Economy not all lackluster in 2004
Published: Saturday, January 29, 2005 at 6:01 a.m.
Last Modified: Friday, January 28, 2005 at 11:15 p.m.
WASHINGTON - The economy finished 2004 with its best performance in five years despite slowing in the final stretch. The outlook ahead: a moderate jog, rather than a sprint.
The broadest barometer of the country's economic standing, the gross domestic product, clocked a 4.4 percent increase for all of last year spurred by brisk consumer and business spending, the Commerce Department reported Friday.
The latest snapshot of GDP, which measures the value of all goods and services produced within the United States, exceeded the 3 percent registered in 2003 and marked the strongest showing since the 4.5 percent gain of 1999.
''When you add it all up, you can't help but be pleased with how the economy performed last year,'' said Carl Tannenbaum, chief economist at LaSalle Bank. ''The economy in 2004, in some cases, was like the Rodney Dangerfield economy. It didn't get a lot of respect. We spent so much of last year worrying about high oil prices, deficits, employment ... yet through it all we were able to turn out an outstanding year economically.''
To be sure, it wasn't all smooth sailing. In the October-to-December quarter, the economy grew at a 3.1 percent annual rate, its most sluggish pace since the first quarter of 2003. In the third quarter, the economy expanded at a 4 percent rate.
On Wall Street, the fourth quarter's showing disappointed investors. The Dow Jones industrials lost 40.20 points to close at 10,427.20.
Although economists had expected a 3.5 percent growth rate in the fourth quarter, they said its 3.1 percent performance was still respectable and not as weak as the number suggested.
The deceleration seen in the fourth quarter from the previous quarter mostly reflected a drag on growth from the nation's swollen trade deficit. That shaved a sizable 1.73 percentage points off of fourth-quarter GDP.
Consumers and businesses, however, showed a relatively hearty appetite to spend during the final quarter even as energy prices soared. ''Households and businesses went hog wild at the end of the year,'' said Joel Naroff, president of Naroff Economic Advisors.
Economists have varying opinions about the strength of economic growth in the current January-to-March quarter. Some predict growth could hover around a 3 percent pace. Others say it could come in closer to 4 percent. For all of 2005, analysts believe GDP will increase in the range of 3.5 to 3.8 percent - which would be slower than 2004 but still solid, they said.
Against this backdrop, the Federal Reserve will probably stick with its gradual approach to raising interest rates, economists said.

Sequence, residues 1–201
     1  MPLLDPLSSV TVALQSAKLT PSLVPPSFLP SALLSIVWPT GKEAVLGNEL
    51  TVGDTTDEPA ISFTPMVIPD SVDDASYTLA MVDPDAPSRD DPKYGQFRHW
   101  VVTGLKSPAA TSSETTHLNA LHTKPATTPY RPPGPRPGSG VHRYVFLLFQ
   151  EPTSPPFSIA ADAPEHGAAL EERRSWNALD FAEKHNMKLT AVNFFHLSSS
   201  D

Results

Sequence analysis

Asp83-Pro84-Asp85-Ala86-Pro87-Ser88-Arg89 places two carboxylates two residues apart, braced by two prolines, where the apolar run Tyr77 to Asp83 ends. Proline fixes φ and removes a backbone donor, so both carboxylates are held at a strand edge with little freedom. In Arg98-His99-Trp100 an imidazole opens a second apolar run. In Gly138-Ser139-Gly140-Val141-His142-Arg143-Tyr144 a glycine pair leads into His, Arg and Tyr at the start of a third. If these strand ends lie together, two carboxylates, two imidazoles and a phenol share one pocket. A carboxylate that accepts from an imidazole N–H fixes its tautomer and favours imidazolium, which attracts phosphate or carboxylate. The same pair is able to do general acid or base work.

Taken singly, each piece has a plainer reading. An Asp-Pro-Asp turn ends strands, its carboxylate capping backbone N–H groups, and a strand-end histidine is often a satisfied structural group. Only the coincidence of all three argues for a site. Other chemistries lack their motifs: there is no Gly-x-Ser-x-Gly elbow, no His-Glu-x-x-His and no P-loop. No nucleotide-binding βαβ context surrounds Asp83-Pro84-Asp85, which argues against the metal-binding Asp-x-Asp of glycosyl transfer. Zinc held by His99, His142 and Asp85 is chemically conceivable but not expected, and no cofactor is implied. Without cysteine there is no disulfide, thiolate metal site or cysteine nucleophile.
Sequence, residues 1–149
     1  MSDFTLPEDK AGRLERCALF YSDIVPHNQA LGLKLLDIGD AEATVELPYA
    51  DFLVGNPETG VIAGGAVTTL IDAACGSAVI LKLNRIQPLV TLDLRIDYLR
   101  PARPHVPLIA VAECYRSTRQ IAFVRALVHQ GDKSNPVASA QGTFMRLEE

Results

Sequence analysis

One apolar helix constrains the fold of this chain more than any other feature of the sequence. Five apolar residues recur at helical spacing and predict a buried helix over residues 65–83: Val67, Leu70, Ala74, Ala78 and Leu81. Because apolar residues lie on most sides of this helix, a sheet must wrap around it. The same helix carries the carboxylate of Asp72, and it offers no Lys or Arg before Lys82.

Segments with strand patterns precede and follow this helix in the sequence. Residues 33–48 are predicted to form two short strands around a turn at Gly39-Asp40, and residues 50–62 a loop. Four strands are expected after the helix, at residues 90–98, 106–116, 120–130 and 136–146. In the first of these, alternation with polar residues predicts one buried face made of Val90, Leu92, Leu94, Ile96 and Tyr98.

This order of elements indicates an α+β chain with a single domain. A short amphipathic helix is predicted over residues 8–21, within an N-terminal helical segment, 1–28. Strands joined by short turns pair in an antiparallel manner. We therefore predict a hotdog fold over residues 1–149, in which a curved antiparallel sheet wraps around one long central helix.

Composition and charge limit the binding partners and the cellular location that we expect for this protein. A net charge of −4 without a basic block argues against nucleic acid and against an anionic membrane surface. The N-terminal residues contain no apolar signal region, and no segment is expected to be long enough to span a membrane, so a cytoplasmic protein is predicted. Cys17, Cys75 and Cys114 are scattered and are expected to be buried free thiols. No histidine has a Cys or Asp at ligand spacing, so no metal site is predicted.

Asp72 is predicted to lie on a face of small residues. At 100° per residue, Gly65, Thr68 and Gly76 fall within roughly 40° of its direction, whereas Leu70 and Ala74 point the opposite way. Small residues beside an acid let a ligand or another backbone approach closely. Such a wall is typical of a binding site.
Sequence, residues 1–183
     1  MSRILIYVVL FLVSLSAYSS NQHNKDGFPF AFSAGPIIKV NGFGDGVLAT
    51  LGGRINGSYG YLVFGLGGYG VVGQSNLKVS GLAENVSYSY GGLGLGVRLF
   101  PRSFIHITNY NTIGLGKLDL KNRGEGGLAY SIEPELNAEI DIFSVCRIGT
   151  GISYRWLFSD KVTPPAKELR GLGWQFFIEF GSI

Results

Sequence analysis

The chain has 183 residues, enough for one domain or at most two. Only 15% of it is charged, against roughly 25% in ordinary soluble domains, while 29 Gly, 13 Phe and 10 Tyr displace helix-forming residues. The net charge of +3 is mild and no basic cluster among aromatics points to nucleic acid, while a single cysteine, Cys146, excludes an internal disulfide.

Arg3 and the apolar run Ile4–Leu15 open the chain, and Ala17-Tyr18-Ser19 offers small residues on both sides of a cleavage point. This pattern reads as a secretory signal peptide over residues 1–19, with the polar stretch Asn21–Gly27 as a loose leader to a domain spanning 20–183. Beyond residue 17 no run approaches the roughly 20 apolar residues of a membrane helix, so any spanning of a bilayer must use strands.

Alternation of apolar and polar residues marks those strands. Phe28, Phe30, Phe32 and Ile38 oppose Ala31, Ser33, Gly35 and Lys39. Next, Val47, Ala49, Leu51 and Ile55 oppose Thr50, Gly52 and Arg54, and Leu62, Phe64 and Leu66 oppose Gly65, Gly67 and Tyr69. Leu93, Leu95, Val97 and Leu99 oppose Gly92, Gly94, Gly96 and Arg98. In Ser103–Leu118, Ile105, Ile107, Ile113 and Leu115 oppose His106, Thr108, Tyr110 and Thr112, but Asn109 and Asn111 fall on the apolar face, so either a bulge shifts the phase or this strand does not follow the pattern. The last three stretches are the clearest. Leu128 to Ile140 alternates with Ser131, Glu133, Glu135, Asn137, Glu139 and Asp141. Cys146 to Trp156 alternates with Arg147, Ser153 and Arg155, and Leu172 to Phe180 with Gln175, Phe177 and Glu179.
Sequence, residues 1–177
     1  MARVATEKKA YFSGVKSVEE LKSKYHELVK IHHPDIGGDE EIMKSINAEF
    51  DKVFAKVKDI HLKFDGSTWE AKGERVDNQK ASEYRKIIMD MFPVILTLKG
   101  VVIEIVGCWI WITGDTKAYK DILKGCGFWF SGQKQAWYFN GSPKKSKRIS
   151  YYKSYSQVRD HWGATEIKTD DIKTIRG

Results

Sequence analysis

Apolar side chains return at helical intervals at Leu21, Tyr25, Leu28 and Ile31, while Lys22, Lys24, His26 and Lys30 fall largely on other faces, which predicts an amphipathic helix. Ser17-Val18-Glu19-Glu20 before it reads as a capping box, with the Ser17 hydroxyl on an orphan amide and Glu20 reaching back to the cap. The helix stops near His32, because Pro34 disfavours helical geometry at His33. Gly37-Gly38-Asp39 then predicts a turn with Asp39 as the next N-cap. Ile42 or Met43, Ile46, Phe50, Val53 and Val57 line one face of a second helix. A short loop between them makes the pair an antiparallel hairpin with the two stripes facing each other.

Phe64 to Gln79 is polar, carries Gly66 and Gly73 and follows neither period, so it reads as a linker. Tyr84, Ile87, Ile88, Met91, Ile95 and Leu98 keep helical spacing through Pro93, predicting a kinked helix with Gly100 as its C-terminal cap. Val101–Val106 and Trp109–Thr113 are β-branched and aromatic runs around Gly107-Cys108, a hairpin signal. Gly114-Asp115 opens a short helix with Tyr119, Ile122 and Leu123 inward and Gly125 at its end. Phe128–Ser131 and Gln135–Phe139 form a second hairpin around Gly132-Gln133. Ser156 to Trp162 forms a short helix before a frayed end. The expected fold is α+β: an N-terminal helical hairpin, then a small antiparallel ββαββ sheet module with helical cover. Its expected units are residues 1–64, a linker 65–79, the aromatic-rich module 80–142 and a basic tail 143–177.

Fed policy-makers are expected to boost rates next week by one-quarter percentage point to 2.50 percent. That would mark the sixth increase since the Fed embarked on a rate-raising campaign in June 2004.
The newest GDP readings come as President Bush tries to build political and public support for two key pieces of his second-term economic agenda: overhauling Social Security and the nation's tax code. Those are costly propositions made even more daunting, analysts say, by the government's already bloated budget deficits.
Treasury Secretary John Snow said the latest GDP figures highlight the ''strength of our nation's economy'' and the president's policies will ''keep our economy on this upward path.''
While the economy has been moving forward, the recovery in the nation's jobs market since the 2001 recession has been more uneven as companies remain somewhat cautious. Still, payrolls in 2004 expanded by 2.2 million, the first annual increase in three years.
In other economic news, the Labor Department reported that workers' wages and benefits grew 0.7 percent in the fourth quarter, down from a 0.9 percent increase in the prior quarter, as employers kept a close eye on costs.
An inflation gauge tied to the GDP report, meanwhile, showed prices rose 2.2 percent in 2004 as energy costs surged. In 2003, prices were up 1.9 percent. Excluding energy and food costs, ''core'' prices - closely watched by the Fed - increased 1.5 percent in 2004. While that was up from 1.3 percent in 2003, the pickup in core prices isn't worrisome, said Lynn Reaser, chief economist at Banc of America Capital Management.
Those higher prices didn't crimp consumer spending, the lifeblood of the economy. Consumers boosted spending in the fourth quarter at a brisk 4.6 percent annual rate. For all of 2004, spending rose 3.8 percent, the strongest since 2000.
Business spending on equipment and software, meanwhile, rose at a 14.9 percent pace in the fourth quarter. This spending was up 13.4 percent for all of last year, the most since 1997.
''The economy isn't in a galloping mode but more like a brisk trot,'' said Richard Yamarone, economist at Argus Research.
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